I think this is a great topic and it's understandable that people
who love Jesus
would ponder this at election time.
I have gotten some
interesting insights when considering this question of how Jesus would
vote. In the first place, I don't think Jesus would ever allow his
political position to be known. Jesus fully understood his own power.
One of the greatest powers of all is the power of influence. Knowing
that humans would take the easy path of having Jesus make all of their
decisions for them without thinking these things through for
themselves, I think he would keep his political opinions to himself.
I'm not suggesting that most of us should do that, but I think that the
Pope, for instance, should keep his politics to himself. Religious
leaders should never endorse political candidates; this whole election
has really driven home for me the wisdom of the separation of church
Clearly, Jesus calls us to learn how to think
—not what to think. When we all become adept at independent
cosmic thinking we will naturally come to more Godlike conclusions and
be able to make more Godlike decisions. That is, decisions which create
the greatest amount of good for the greatest amount of people for the
greatest amount of time.
We know from his life and
teachings that Jesus deliberately avoided making pronouncements on
political issues. The closest he came was "Render unto Caesar the
things that are Caesar's and unto God the things that are God's." We
could write a novel on what he meant by that. But suffice to say, it
doesn't give us much to go on at election time. However, I think we can
look at his life by example and infer some definite qualities to look
for in a leader. Here are some things I have thought of:
These scientific, moral, and
spiritual insights, these cosmic responses, are innate in the cosmic
mind, which endows all will creatures. The experience of living never
fails to develop these three cosmic intuitions; they are constitutive
in the self-consciousness of reflective thinking. But it is sad to
record that so few persons on Urantia take delight in cultivating these
qualities of courageous and independent cosmic thinking. The
Urantia Book, (16:6.9)
honest and sincere. He said what he meant and meant what he said. He
spoke the truth even when the truth hurt. He was loyal to the highest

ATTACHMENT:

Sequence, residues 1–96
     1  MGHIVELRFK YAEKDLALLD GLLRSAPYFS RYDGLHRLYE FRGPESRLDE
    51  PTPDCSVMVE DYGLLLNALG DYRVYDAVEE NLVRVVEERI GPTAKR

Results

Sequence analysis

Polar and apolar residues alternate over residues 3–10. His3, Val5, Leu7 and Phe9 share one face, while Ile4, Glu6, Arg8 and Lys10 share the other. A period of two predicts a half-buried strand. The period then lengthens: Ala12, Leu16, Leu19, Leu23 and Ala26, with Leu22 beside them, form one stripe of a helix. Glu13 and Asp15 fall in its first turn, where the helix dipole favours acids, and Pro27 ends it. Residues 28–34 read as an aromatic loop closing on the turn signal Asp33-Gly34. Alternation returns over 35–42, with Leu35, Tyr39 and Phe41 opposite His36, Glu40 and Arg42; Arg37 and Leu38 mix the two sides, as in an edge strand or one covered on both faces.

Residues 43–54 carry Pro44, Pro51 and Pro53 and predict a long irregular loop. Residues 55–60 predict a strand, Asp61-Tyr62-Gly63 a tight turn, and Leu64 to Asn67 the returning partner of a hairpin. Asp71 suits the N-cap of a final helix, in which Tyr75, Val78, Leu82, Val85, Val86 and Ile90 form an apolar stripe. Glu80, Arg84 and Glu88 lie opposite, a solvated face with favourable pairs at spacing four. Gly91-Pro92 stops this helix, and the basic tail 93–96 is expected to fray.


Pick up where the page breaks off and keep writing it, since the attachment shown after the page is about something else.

principals in the highest sense of the word. He would be righteously
indignant of the false and malicious political spin and negativity that
we have become accustomed to.
He was courageous. He was willing
to put himself on the line even to the point of direct contradiction
with the powerful religious rulers of his day.
He was fair. He
never would have thought only of the interest of his people (the Jews) or his nation (Israel). There was no self-interest in him. Everything he did was
for the greatest good for all. From my point of view, the most powerful
man in the world should also be a good world citizen. A true leader
would want to lead mankind, not just America, into a new and better way
of life. As Jesus said,
He was wise. He
understood human nature well enough to know how certain people would
react in certain situations.
"When you once begin to find
God in your soul, presently you will begin to discover him in other
men's souls and eventually in all the creatures and creations of a
mighty universe. But what chance does the Father have to appear as a
God of supreme loyalties and divine ideals in the souls of men who give
little or no time to the thoughtful contemplation of such eternal
He was patient. He waited for the
right time to act and chose his battles and his opportunities very
He was respectful and trusting. He believed in men
because he knew that God is in them. He empowered men to decide and act
and supported the wisdom of the group. When the group made a decision
he honored it.
He was merciful. He understood the human condition
and was forgiving of human frailty. However, he abhorred deliberate
wickedness, he said that more was expected of the Master than of the
servant, and in the end he did not tolerate the corruption of false
He was sympathetic. He had real insight into the human
heart and the human condition. He had real compassion for humanity and
wanted all people to "have life and have it more abundantly."
was truly kind. I don't think he would ever have resorted to harming
anyone or allowing anyone to be harmed. He once said that he would not
defend himself against harm unless he discerned that God was not
present in the person who sought to harm him.
Clearly, we can't
expect a leader, even one with as much power as a US president, to
possess all the wonderful qualities that Jesus did. There were many
powerful men in Jesus day that had no respect for Jesus and thought him
foolish and weak. There are many powerful people today, even those who
profess to follow Jesus, who would never endorse his non resistant and
non violent ways. Many who think that, although Jesus ideals are truly
good, they're not practical and they won't work.
Sadly, at this
point in time, we are stuck with the reality of always having to choose
between the "lesser of two evils." That is, two mortals who are
anything but perfect. We can take the easy way out and vote along party
lines, trusting that at least our basic political philosophies will be
upheld, or we can look at each candidate and try to discern their true